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The Blazing World: Longlisted for the Booker Prize

Siri Hustvedt

6 Reviews

Rated 0

Fiction, Modern & contemporary fiction (post c 1945)

The devilishly playful, intellectually inspiring, emotionally involving new novel from Siri Hustvedt, longlisted for the Man Booker Prize.



'A truly wonderful intellectual work that makes you think and laugh' Daily Mail

'Playful, ebullient, brainy' Financial Times

The artist Harriet Burden, furious at the lack of attention paid her by the New York art world, conducts an experiment: she hides her identity behind three male fronts in a series of exhibitions. Their success seems to prove her point, but there's a sting in the tail - when she unmasks herself, not everyone believes her. Then her last collaborator meets a bizarre end.

In this mesmerising tour de force, Burden's story emerges after her death through a variety of sources, including her (not entirely reliable) journals and the testimonies of her children, lover and a dear friend. Each account is different, however, and the mysteries multiply.

'A novel that gloriously lives up to its title, one blazing with energy and thought' The Times


'Hustvedt is that rare artist, a writer of high intelligence, profound sensuality and a less easily definable capacity for which the only word I can find is wisdom' Salman Rushdie

'One of our finest novelists' Oliver Sacks

'Reading a Hustvedt novel is like consuming the best of David Lynch' Financial Times

'Few contemporary writers are as satisfying and stimulating to read as Siri Hustvedt' Washington Post

'A 21st-century Virginia Woolf' Literary Review

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Praise for The Blazing World: Longlisted for the Booker Prize

  • I have told nearly everyone I love - and some random acquaintances - to stop whatever they are doing and read THE BLAZING WORLD. . . Hustvedt's novels have always been smart, accomplished, critically acclaimed but this one feels like a departure. There is more heat in it, more wildness; it seems to burst on to a whole other level of achievement and grace - Financial Times

  • Her prose is brilliant, furious, teeming with intelligence and life - an experiment in reception itself. - Literary Review

  • ...there is something special about this book; THE BLAZING WORLD is an intellectual puzzle from the moment you pluck it from the bookshelf. Intricate, sensory and challenging, the book does in fact blaze. - The Big Issue, Australia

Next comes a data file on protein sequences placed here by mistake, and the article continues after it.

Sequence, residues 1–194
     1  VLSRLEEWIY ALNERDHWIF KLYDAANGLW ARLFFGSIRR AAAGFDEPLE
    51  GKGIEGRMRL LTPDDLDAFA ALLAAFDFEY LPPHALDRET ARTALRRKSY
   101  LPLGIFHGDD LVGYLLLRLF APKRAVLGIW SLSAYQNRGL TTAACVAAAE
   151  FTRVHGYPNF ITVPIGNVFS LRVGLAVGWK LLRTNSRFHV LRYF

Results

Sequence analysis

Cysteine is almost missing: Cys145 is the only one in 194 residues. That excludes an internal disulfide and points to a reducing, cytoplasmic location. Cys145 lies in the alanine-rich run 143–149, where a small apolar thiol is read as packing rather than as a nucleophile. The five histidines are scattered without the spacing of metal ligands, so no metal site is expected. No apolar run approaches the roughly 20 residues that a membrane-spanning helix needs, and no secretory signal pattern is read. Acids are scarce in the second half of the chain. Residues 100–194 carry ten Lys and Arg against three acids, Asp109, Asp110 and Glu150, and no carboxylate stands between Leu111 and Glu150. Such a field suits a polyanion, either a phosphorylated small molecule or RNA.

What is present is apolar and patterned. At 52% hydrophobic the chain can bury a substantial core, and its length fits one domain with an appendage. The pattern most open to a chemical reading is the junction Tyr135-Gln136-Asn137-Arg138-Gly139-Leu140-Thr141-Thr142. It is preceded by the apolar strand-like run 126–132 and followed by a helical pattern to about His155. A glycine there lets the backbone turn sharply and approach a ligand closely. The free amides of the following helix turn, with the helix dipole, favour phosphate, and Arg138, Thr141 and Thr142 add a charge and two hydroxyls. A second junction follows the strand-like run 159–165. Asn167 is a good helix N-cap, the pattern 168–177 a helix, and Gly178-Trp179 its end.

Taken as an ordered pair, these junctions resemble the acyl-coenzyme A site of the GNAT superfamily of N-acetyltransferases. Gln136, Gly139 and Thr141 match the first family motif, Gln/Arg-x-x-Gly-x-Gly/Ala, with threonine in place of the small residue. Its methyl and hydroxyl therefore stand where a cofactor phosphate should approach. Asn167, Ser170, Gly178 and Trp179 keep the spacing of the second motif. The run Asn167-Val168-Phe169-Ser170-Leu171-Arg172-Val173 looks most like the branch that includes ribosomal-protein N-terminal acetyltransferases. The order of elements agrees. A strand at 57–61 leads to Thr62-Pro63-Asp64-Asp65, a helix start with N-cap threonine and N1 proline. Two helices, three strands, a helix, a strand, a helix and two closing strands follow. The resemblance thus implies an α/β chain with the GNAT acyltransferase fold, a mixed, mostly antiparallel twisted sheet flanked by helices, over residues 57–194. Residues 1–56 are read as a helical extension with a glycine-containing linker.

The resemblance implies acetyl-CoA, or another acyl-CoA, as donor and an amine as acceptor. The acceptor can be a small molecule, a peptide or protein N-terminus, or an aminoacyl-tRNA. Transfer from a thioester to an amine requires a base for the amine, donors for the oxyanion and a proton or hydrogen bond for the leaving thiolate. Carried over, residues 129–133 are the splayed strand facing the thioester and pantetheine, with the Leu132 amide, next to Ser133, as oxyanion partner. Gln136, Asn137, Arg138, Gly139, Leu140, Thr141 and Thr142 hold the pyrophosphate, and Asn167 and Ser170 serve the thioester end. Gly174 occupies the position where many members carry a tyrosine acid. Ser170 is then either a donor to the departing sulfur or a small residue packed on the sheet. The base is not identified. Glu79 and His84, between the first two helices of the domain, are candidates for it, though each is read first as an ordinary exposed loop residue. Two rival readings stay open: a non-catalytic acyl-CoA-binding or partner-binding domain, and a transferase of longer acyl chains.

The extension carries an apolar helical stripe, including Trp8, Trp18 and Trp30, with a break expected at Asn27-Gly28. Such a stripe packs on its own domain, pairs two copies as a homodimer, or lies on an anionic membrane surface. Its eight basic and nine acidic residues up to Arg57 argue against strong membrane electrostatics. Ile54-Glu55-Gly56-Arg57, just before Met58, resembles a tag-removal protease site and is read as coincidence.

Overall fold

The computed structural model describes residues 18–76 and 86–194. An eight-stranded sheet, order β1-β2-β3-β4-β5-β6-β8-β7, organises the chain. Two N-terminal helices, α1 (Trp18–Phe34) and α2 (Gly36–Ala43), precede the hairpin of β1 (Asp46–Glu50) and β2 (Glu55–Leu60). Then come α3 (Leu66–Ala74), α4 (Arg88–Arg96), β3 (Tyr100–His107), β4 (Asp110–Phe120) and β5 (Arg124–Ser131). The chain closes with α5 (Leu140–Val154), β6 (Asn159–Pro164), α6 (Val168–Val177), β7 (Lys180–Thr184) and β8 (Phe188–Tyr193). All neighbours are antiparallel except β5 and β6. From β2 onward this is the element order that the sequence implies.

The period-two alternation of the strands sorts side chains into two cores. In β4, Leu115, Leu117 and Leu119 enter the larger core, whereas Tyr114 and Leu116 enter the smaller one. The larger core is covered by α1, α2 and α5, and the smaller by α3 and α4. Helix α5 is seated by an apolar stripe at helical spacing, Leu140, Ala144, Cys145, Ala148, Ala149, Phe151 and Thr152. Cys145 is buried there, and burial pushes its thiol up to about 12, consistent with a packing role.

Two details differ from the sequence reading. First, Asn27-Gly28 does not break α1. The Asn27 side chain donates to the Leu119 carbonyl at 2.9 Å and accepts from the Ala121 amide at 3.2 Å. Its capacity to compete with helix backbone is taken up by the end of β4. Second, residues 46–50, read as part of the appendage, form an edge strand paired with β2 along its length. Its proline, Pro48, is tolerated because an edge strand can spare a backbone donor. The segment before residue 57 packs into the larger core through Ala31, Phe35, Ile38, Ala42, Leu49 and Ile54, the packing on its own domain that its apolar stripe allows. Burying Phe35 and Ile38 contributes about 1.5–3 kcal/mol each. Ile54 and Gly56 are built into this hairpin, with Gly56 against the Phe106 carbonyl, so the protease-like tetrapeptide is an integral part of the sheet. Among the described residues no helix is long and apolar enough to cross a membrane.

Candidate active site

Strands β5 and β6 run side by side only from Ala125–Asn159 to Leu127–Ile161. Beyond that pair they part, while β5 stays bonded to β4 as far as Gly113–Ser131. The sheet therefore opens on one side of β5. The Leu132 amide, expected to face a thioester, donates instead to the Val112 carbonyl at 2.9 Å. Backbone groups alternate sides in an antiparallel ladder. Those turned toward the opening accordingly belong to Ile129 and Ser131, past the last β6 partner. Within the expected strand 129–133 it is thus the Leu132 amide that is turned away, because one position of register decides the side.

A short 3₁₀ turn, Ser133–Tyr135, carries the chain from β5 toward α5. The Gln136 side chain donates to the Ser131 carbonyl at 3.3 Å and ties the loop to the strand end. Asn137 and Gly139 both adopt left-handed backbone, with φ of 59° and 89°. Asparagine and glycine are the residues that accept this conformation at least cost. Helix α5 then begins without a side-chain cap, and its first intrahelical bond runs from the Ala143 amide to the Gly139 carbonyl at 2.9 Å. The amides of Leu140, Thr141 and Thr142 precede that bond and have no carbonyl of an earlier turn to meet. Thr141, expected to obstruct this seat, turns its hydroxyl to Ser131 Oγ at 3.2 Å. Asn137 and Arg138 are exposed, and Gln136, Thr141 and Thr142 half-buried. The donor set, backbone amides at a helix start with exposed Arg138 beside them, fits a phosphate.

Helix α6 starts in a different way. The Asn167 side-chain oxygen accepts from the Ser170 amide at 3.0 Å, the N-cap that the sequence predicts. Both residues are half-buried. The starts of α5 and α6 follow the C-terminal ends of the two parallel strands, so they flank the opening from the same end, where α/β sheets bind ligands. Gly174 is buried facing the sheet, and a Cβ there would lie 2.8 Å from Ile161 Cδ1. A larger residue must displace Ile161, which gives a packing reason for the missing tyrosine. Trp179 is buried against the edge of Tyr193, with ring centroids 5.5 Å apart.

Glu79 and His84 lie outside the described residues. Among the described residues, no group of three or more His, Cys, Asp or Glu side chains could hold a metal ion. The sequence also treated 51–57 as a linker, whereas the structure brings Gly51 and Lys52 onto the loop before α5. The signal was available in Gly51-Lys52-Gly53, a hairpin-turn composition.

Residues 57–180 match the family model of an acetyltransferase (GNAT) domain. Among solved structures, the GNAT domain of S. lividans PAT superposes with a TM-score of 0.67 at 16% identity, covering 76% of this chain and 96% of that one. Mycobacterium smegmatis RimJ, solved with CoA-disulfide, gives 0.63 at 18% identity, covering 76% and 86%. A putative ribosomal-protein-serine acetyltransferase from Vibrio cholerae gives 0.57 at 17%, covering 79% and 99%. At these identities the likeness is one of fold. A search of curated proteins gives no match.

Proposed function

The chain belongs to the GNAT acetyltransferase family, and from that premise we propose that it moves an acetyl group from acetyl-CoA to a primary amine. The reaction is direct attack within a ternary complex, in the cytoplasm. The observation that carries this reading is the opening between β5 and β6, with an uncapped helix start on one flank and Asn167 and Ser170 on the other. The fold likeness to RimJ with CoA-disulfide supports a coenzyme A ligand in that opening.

• Fans of Hustvedt's bestselling WHAT I LOVED will recognise both the themes (art, identity, gender) and the author's showy brilliance. - Jennifer Byrne for Australian Women's Weekly

  • The rigorous and arresting BLAZING WORLD both demands and welcomes. While the novel gains richness in direct relation to its reader's fluency in art, literature, neuroscience and gender studies, Hustvedt's allegiance to the importance of the body alongside the mind causes it to throb with an array of love stories and uncanny mysteries. - The Saturday Age, Melbourne

  • THE BLAZING WORLD works best when Hustvedt gets the balance right and manages to shroud Burden in tantalising mystery rather than smother her in a fug of opacity. It is here that we can appreciate the novel as an intoxicating "anthology of voices'', an inventive portrait of the artist and a searing critique of the way we see and judge. - Weekend Australian

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Siri Hustvedt

Siri Hustvedt is the author of seven novels including the international bestseller What I Loved, The Blazing World, which was longlisted for the Man Booker Prize and won the Los Angeles Times Book Prize for Fiction, and Memories of the Future, as well as five collections of essays: Yonder, Mysteries of the Rectangle: Essays on Painting, A Plea for Eros, Living, Thinking, Looking and A Woman Looking at Men Looking at Women. She has also published a poetry collection, Reading To You, and the memoir The Shaking Woman or A History of My Nerves.

Hustvedt has won the International Gabarron Prize for Thought and Humanities and the European Essay Prize for her essay The Delusions of Certainty. She is a Lecturer in Psychiatry at Weill Cornell Medical College and has written on art for the New York Times and the Daily Telegraph. Born in Minnesota, Siri Hustvedt lives in Brooklyn, New York.

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